The New Connexion article discussed a small town called Trout Lake at the base of Mt. Adams where the Sattva Sanctuary is located – reportedly one of the largest UFO hotspots on the planet! The idea fascinated me. But when I imagined following around a group of people camped out on Mt. Adams during the winter . . . well, it just became a little less captivating. I decided sitting at home writing lyrics in my jammies sounded like more fun.

DL: How did you and your collaborators meet?

AKD: In 2008, I decided to try to revive my jazz singing career. I had been singing occasional gigs around Portland, primarily downtown at 10th floor of Meier & Frank 10th in the Georgian Room – at least until it was demolished in 2006. I advertised for a paid accompanist on Craigslist and Kurt Crowley was one of the respondents. We practiced for months and recorded a demo CD. As a musical director, he wasn’t getting the opportunity to write his own music, so I pitched him the idea of co-writing a musical about an eclectic group living in a desert sanctuary waiting
for a UFO. Soon we were toasting and shouting, “Let’s put on a show!” We held our first two readings in May and June, 2010. We rewrote and held three more readings in October 2010 and January 2011 with the help of the Broadway Rose Theatre, specifically Sharon Maroney and director Dan Murphy. After our last readings Kurt moved to New York. By September he had been hired as music conductor for the non-equity tour of IN THE HEIGHTS. In the meantime, the former executive director of Broadway Rose Theatre, Brisa Trinchero, was getting started as a theatrical producer bringing new musicals to Broadway. She liked our project and introduced us to writer Marc Acito. We hit it off and have been working with Marc ever since. Marc also permanently relocated to New York City last year after spending many years based out of both cities.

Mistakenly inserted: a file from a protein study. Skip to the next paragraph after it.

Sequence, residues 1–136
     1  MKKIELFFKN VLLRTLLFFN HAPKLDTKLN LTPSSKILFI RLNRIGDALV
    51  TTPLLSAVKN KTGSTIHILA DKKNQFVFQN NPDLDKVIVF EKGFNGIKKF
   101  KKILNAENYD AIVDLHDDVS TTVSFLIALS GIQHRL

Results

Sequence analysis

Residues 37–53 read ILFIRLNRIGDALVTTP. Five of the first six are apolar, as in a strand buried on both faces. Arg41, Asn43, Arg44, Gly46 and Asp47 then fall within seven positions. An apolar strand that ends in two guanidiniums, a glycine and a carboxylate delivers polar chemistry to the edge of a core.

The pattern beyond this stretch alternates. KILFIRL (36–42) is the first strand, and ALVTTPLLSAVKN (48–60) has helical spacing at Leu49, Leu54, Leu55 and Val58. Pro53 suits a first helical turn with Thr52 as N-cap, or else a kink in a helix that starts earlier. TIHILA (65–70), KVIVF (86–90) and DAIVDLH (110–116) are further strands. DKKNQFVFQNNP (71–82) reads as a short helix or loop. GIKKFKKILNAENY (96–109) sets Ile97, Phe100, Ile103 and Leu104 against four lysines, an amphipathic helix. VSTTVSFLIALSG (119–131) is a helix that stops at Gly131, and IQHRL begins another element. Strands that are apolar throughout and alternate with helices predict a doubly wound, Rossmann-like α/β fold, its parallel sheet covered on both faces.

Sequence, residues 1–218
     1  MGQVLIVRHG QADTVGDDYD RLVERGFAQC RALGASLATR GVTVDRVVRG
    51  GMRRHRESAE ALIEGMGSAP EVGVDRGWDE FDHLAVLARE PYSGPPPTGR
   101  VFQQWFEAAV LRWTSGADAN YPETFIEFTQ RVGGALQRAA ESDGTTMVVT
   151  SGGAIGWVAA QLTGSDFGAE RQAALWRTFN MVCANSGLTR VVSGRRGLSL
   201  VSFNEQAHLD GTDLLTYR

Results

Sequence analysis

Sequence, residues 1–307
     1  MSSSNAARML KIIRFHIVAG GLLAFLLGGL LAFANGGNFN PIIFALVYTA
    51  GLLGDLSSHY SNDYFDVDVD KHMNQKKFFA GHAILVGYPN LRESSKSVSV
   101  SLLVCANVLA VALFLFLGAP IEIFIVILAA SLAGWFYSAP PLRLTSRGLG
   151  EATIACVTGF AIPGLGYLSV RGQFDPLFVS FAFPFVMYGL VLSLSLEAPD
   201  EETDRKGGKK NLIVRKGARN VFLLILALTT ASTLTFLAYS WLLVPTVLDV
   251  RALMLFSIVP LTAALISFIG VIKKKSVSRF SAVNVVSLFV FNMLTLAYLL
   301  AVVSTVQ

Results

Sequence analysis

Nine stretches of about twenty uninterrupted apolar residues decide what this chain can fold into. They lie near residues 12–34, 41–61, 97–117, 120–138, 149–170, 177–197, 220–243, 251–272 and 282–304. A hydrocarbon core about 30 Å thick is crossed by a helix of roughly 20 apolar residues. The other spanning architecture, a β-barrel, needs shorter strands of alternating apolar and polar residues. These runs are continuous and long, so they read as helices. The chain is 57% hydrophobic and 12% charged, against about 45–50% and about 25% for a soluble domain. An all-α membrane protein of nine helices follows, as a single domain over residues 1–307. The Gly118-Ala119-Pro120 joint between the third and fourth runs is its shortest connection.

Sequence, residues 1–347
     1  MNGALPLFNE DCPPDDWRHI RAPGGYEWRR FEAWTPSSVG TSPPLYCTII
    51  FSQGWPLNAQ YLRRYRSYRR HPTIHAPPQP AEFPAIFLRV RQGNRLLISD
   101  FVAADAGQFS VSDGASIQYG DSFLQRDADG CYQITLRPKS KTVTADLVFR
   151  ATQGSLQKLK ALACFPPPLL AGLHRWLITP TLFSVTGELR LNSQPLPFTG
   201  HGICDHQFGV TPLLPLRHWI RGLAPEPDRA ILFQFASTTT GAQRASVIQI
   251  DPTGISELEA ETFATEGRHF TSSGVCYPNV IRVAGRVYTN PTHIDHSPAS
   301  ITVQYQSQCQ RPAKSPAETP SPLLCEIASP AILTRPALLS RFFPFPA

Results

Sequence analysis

DL: Is this the first musical you've written?